Beginning this month, January 2015, the Occupational Safety and Health Administration requires employers to notify the government within 24 hours every time someone gets admitted to the hospital with an injury sustained at work.
The government estimates that tens of thousands of injuries were previously not reported. Labor secretary Thomas Perez says, “Workplace injuries and fatalities are absolutely preventable.”
The new rule will help OSHA focus on holding employers accountable for preventing injuries. It replaces regulations that require companies to report only incidents that result in three or more hospitalizations, called catastrophes by the agency. Workplace deaths still have to be reported within 8 hours.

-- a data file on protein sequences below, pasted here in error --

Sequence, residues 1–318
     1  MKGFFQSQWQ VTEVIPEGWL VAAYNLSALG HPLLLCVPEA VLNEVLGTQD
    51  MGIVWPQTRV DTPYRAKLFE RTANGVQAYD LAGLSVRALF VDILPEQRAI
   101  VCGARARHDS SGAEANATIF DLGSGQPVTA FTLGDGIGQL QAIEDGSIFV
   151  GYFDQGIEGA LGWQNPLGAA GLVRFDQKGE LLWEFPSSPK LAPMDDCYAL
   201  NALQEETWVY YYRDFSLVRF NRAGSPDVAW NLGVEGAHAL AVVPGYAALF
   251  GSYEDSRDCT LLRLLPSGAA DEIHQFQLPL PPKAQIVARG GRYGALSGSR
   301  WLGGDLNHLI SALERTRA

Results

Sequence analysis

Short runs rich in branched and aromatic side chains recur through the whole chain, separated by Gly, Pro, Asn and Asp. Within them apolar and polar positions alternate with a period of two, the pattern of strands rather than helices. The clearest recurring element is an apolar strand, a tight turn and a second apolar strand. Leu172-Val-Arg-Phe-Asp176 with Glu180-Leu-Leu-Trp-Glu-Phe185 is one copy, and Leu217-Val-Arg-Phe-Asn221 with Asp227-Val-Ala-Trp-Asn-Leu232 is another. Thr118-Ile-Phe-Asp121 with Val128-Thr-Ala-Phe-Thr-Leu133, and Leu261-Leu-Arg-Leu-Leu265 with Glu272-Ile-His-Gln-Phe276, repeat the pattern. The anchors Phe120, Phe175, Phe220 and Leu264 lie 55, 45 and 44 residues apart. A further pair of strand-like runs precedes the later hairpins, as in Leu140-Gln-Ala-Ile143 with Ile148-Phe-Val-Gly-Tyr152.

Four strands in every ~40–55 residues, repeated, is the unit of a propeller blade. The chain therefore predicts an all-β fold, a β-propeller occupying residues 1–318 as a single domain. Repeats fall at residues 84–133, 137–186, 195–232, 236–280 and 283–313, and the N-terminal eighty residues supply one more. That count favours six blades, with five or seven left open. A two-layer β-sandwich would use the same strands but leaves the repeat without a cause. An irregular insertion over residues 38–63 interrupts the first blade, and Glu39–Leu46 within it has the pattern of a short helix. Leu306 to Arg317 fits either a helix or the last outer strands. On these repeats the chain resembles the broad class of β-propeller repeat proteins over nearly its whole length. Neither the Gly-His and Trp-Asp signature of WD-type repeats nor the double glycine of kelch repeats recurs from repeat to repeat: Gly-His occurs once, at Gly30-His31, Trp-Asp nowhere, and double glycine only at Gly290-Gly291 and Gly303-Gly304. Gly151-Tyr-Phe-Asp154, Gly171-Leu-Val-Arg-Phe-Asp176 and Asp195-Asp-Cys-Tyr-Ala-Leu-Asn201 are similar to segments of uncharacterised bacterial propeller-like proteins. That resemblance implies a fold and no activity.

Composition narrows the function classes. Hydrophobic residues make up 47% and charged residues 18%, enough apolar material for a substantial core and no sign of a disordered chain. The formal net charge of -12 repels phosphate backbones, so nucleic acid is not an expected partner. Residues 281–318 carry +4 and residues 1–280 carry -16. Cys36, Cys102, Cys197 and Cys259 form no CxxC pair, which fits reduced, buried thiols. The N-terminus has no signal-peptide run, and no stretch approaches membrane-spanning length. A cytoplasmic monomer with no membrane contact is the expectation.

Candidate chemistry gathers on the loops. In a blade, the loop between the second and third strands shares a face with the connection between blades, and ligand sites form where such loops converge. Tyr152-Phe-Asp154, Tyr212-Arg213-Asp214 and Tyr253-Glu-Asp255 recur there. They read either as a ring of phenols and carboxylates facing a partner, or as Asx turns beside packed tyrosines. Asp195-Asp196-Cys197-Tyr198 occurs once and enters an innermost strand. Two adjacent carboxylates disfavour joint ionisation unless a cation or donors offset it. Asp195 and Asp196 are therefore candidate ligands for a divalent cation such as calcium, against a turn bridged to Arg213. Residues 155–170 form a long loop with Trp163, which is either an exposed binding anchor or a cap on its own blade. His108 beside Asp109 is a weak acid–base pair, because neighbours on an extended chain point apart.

All injury data will be made public on OSHA’s website.
OSHA head David Michaels, also an assistant secretary in the Department of Labor, says the public reporting of all injuries could prompt company safety reviews. Employers might take steps to prevent injuries so they’re not seen as unsafe places to work.
“After all,” says Michael, “if you had a choice of applying for a job where a worker had just lost a hand, versus one where no amputation has occurred, which one would you choose?”
The websites offer added accountability without adding staff.